His attitude towards graffiti has inadvertently changed over the years as well. “I would argue that graffiti as its most crude base elements are just mindless tags with names and whatever—no style, no thought behind presenting something that maybe looked interesting,” he asserts. “I’m not ignorant to all of what it is because I can see my rebellious side, but I also see society’s anti-graffiti side. Now that I’m on the good side of it all, I get it. I don’t wanna see graffiti on nice shit. I don’t ever wanna see people defacing walls the way you see in Italy, like kids tagging on 400-year-old buildings. Man... Even when we were stupid kids in New York City writing on walls, we respected stuff.”
“Until 1980, we were all pretty much underground in that system we had. When we surfaced, we started calling ourselves graffiti artists. It’s weird. Just a title or a name defines who you are. Now, I don’t wanna be defined by anybody. I’m a unique person and I don’t wanna be categorised. It’s an insult to my intelligence and my originality.” It is this categorisation and pigeonholing of his identity that leads to what some may call selling out, as if an underground graffiti artist isn’t allowed to leave his nest and expand his creative palate with mainstream designers.
More than a street artist, fashion designer, graphic designer and graffiti pioneer, Futura is a family man who believes art and life are almost synonymous. “You create art, you create life. And if you create life, what kind of life are you going to create?” he asks.
“If anything’s happened from 1982 till today, it’s like I’ve done what I’ve done, and I try to contribute and do my thing, but I’ve also seen a lot, and even have two amazing children, who are 28 and 34. That’s the real reality of my life. I somehow managed to do both. That makes me feel very proud because it’s hard to do that. It’s hard to have a career that’s as amazing, maybe, as mine, and have that other part, family, that a lot of people envy. There’s a lot of cool artists that are successful, but what about the other part? That responsibility never dies. I wanna see people make the commitment for the long haul. Then, I’ll respect you and say, ‘My guy, f**k yeah, let’s take care of life and business.’”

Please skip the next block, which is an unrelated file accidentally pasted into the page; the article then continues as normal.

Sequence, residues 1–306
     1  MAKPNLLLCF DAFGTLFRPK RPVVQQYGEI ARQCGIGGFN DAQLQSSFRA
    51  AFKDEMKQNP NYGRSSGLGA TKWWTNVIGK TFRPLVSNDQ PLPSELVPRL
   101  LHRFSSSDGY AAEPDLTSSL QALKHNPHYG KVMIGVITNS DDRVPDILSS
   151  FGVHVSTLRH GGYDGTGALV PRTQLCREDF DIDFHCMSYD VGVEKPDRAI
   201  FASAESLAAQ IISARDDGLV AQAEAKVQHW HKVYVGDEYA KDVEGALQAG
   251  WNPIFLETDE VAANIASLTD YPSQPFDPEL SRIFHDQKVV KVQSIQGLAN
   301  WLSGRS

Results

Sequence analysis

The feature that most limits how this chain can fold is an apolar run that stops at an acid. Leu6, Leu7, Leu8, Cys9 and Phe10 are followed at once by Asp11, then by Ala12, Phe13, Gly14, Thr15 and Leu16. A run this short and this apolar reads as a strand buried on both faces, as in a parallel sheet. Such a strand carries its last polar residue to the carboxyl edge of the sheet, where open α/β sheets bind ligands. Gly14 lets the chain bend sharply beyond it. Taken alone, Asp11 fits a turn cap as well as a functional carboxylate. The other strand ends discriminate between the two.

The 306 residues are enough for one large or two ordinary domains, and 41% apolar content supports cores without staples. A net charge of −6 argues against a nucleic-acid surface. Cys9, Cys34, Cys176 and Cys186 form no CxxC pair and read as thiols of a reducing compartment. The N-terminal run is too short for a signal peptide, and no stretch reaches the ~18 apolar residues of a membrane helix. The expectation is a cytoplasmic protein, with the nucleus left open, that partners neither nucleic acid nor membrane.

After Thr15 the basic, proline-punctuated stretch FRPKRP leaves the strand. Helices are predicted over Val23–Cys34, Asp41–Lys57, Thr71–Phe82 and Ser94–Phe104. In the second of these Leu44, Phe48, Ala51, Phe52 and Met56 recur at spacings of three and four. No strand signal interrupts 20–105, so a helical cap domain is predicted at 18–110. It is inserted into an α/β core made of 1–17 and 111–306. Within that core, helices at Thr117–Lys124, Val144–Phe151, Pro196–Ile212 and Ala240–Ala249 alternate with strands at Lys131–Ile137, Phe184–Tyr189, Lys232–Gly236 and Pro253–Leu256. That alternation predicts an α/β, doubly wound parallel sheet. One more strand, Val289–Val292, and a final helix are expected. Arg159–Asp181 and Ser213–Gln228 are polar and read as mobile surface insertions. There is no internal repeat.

Coming full circle now not just in his life (both personally and professionally), but also with his return to Singapore (his first visit was in 1977 as a young navy sailor on an aircraft carrier named Constellation), the offbeat doyen is aware of his status and influence, but doesn’t let it define his next steps. While there’s always pressure to outdo himself and do justice to the community at large, the priority is still to stay true to himself.
“I don’t want to be a one-hit wonder… I wanna evolve, and I see some growth in what I’m doing. [But] I don’t wanna disappoint myself first, because it’s all about me looking at myself in the mirror and just being truthful. There are times in my life when I was totally being full of shit, just in denial. I got all that sorted… Now, I’m at a place in my life where I don’t need anything, from anyone, and everything I’m getting I’m just so f**kin’ grateful for.”
“For me, I don’t know my biological family, so it leaves me open to a lot of imagination about where I come from. My daughter told me to take a DNA test and find out who my father is. I do a DNA test 50 years later, and find out we’re Turkish on my father’s side, but I still don’t know who he is or what he is. I know nothing about the actual backstory.”
“I think a lot of things has got to do with punk, although punk is not my culture. I feel it comes from Europe and London and that movement of the mid-70s into the early 80s with The Sex Pistols and The Clash whom I worked with in the early 80s.”
“I saw more graffiti in Bali in 24 hours than I’d seen in Singapore in my last two visits spanning three weeks. In any other part of the world, I would see random kids expressing their urban angst and all this inner rebellion against society, and it’s not just them expressing, ‘Hey, I exist. This is me.’ It has to be somewhat seemingly tolerated to allow it to continue. The way you stop any virus is to cut it off right away. You don’t let it infect the system.”
“Pressure’s more relatable to real-time… it’s like you’ve got a real job and you’re under a deadline, or you’re in the sporting realm and you know you’ve got a big match tonight and there’s pressure. I think for me the pressure’s pretty much whatever I perceive it to be. Right now, I’m kind of just doing my own thing and I guess I’m just waiting for people to get with me.”
“I’m not very religious in general, although I love the call to prayer. It’s kind of the coolest religious thing out there. I’m going to be reincarnated. I don’t think you get reincarnated until you’re like an ant, or a tree. I think you come back as another human being somewhere. I think that energy kind of gets sucked up… like, how can you die? It just seems too precious and valuable.”